a) there is recognition that traditional construction and longevity are important, as something additional to the more esoteric notions of historic character and appearance, and..

b) this does not only apply to designated heritage assets. 

There are quite a few hurdles though:  It is still only a case of ‘special circumstances may apply’; so your bog standard architect/builder/building control officer, can quite happily carry on as before.  Our experience is that only where an architect/builder is already in the conservation field, that this comes into play, and it appears to be down to them to prove their case to Building Control rather than the other way around.  That said, where Building Control are asked to consider an exemption, they are usually quite happy with a line or two from their conservation officer to confirm it accords with the LB Act etc. 

The Regs state that English Heritage guidance should be taken into account (and there is now a good breadth of guidance from them), but the only specialist advisor referred to is the LA conservation officer.   Two worries here:  Most services are already overstretched;  if the provision were universally put into practice the additional workload would be phenomenal (EH have a figure of around 20% of the building stock being pre-1919, and another 20% 1920-1939). LA Conservation Officers simple could not cope.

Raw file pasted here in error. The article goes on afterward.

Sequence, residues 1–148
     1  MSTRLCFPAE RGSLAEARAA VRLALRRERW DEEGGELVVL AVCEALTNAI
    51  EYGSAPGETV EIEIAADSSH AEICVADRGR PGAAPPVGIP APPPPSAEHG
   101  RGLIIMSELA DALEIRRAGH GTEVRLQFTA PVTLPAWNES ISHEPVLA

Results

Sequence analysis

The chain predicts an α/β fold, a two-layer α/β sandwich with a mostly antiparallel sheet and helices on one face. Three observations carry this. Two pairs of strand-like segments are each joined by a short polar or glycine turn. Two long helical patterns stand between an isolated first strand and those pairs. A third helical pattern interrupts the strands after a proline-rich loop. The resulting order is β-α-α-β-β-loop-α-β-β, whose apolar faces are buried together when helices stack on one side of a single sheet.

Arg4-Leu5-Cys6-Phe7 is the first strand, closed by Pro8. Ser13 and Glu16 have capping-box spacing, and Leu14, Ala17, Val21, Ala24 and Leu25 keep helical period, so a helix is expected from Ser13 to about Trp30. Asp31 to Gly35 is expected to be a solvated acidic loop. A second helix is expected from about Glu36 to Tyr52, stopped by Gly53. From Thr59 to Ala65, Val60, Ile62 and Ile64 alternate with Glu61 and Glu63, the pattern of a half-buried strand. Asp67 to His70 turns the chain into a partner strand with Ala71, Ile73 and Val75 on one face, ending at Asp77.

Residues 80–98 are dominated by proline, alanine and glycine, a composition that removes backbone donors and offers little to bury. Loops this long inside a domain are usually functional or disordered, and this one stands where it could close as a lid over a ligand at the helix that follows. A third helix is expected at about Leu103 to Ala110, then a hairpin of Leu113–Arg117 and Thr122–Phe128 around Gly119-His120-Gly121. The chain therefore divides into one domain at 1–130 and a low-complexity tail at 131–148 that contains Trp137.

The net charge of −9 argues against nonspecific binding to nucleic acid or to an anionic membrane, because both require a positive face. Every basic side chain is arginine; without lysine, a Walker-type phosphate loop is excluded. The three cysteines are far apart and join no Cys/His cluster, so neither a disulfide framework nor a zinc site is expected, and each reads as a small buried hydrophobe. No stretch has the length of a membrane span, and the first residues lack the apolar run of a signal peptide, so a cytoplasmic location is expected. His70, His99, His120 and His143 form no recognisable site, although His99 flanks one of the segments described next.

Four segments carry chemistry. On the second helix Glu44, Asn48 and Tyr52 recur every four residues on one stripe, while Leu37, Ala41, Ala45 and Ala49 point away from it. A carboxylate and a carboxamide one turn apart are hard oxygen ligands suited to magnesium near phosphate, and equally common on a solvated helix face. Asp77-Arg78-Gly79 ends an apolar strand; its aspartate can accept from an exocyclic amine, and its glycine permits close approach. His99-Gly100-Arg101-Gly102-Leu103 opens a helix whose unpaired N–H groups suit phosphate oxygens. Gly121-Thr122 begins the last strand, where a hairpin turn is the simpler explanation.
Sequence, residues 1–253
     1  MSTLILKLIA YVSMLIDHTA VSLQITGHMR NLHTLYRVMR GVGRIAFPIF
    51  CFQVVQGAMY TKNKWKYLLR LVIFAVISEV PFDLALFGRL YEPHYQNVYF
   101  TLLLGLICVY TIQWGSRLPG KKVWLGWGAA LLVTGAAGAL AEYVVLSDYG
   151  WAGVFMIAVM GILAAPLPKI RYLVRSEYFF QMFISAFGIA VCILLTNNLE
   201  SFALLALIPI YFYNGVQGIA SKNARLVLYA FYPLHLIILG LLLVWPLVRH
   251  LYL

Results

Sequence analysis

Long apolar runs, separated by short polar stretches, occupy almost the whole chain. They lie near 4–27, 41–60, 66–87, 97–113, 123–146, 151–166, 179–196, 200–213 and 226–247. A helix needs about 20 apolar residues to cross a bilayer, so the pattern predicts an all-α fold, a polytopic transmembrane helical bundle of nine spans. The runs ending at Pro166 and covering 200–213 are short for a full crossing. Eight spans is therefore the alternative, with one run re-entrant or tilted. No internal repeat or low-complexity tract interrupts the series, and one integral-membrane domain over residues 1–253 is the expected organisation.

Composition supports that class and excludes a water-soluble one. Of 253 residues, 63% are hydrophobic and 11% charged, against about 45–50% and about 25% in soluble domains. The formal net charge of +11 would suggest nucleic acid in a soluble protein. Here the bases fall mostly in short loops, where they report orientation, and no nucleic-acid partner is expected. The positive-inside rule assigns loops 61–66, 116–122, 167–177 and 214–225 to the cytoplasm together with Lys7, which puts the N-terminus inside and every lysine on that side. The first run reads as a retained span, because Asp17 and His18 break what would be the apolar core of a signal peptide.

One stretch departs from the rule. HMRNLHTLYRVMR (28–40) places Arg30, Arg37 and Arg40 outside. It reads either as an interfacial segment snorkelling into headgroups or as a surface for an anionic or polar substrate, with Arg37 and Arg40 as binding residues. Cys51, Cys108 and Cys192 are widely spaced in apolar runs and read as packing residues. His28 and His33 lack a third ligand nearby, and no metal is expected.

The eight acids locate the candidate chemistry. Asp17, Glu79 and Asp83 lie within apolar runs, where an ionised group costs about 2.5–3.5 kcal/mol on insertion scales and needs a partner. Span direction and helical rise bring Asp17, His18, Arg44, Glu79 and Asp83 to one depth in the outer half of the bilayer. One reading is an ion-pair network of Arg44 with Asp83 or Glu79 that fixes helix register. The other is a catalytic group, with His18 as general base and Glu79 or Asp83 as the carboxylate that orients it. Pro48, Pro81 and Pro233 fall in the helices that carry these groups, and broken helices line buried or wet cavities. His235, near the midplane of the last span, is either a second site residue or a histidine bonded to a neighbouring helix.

Then there is the fact that however much a conservation officer may know, they are not qualified to give structural advice over and above that of a structural engineer.  Under LBC applications Conservation Officer friends have had many pointless arguments with structural engineers - at the end of the day, their qualifications have simply trumped theirs for structural issues.  (EH, incidentally, has only one Structural Engineer to cover the entire country.  Not much use on a day to day basis).